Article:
The idea of the Packet Filter is really simple: Heartbeat will disable the Packet Filter on the node that is currently active. During a failover the Heartbeat software will enable the Packet Filter on the node that will be inactive and disable it on the node that will be the active node from that moment on.
There are several ways to host your vCenter databases and in our infrastructure we chose to host our databases on a seperate dedicated database server. This database server is currently running Microsoft SQL Server 2005 Standard and we are going to migrate the databases to a Microsoft SQL Server 2008 Cluster soon for the simple reason that if you make your front-end redundant it’s seems just as logic to do the same for your back-end.
Installing/implementing vCenter Server Heartbeat
Luckily VMware really thought of this: yes, it is very well possible to implement Heartbeat on your running environment. If this wasn’t possible it really would be an hassle to implement it.
The documentation of Heartbeat comes in two documents: quick setup and the reference guide. In my opinion these documents contain most of the steps you need to take to install Heartbeat so there is no need for me to describe each step. Although in my opinion the Quick guide really misses out on some detail so I would suggest the Reference Guide.
In the global steps below to take to implement Heartbeat I will indicate which action is required on what server by starting the line with “Primary”, “Secondary” or even “Both”:
- Secondary: make sure the hardware (CPU, Memory, Disks) is similar to your primary server
- Secondary: install the exact same operating system as you have on your primary server. In our case this is Windows Server 2008 x64 Standard. Give it a temporary IP (DHCP if you will) and a bogus hostname. This will be overwritten when Heartbeat sets up your secondary node with your primary node’s data.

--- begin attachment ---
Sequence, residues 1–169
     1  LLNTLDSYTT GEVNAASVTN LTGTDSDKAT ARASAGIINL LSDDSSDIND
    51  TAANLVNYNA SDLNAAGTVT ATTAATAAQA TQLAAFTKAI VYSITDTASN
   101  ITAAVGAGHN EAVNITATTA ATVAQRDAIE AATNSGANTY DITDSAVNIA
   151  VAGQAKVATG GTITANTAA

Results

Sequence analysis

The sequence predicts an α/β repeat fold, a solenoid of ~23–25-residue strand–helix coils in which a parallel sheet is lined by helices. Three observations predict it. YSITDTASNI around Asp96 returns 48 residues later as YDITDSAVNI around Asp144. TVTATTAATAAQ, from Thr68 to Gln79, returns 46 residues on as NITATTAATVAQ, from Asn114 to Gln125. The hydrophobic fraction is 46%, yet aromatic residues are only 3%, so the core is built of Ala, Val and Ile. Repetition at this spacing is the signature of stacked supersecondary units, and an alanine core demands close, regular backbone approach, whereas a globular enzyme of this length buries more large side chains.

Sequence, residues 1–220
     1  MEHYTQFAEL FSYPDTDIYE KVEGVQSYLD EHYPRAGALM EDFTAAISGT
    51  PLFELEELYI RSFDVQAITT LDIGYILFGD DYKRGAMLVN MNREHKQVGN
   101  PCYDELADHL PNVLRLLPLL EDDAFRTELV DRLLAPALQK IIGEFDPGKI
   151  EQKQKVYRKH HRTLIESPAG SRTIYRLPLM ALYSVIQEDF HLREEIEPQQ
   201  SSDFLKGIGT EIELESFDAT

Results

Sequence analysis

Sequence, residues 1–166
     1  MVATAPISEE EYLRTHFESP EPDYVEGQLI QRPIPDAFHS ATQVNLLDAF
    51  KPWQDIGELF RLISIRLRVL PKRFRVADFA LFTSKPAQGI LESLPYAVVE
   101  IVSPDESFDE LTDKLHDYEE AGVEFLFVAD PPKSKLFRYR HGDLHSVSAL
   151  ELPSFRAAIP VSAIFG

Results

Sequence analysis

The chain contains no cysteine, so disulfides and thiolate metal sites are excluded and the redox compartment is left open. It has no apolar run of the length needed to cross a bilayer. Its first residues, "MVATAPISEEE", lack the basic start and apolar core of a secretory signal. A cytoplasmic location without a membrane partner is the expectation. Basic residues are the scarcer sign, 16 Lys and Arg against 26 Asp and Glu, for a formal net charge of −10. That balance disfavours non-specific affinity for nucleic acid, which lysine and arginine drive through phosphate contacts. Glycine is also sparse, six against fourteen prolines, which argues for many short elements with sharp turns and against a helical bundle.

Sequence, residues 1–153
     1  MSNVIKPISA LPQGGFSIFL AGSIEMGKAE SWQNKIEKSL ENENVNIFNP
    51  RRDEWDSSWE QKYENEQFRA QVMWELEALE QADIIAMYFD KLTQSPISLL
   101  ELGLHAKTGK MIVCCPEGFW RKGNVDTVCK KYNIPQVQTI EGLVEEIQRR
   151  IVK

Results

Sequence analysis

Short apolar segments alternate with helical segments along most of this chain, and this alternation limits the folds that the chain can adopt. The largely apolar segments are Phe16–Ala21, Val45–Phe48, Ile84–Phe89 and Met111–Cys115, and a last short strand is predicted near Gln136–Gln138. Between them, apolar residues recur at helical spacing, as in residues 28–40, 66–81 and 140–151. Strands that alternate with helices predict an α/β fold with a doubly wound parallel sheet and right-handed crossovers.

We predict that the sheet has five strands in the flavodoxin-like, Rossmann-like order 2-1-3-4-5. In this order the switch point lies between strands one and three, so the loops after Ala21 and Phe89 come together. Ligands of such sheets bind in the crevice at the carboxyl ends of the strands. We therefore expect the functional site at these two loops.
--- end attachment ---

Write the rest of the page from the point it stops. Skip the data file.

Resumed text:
- Both: also make sure you have your ILO configuration on both the primary as the secondary server to be able to reach the servers in some of the steps of the installation
- Both: make sure the Windows Update level on both servers is the same.
- Both: in case you are using Windows Server 2008 you need to install some features on the server before you can start the installation: Backup, Backup-Features and Backup-Tools.
- Both: Very important, installing Heartbeat will NOT work properly when you have NIC Teaming enabled. If you want to use NIC Teaming: set it up when the whole Heartbeat setup is finished!
- Primary: install Heartbeat and follow the steps on the screen, make sure you have some storage space on the network available to store the temporary backup-files to transfer the backup which contains the identity of your primary server to your secondary.Important: make sure your secondary server is able to reach this location.
- Secondary: as you probably have followed all of the steps on your primary node the setup will tell you to continue your setup on your Secondary node.
- Secondary: don’t forget to manually change your Channel IP to the proper IP you have reserved for the secondary node after the Heartbeat setup rebooted your server!
- Both: this is for both servers, but has to be configured only once in your Heartbeat configuration. You will need to provide a service account to the vCenter Service Plugin of Heartbeat that has enough access on your vCenter Server to monitor if it’s down or up.I would suggest if you are running vCenter Server on a service account like I do you use that account for this purpose.
Some of you are eager to try this baby out. Well that’s possible: you are able to use vCenter Server Heartbeat in trial for 60 days. The only problem is: you need to be able to download it from the VMware download site. I’m pretty sure that if you contact customer service they will provide you with a link to do so. The great thing about running the trial is that if you don’t like it or your trial expires without you inserting a permanent license you still able to uninstall it in a nice and easy way and continue with your single vCenter Server.
As I am really curious about your experiences with vCenter Heartbeat: please reply or comment to this post to share your installation experiences/issues.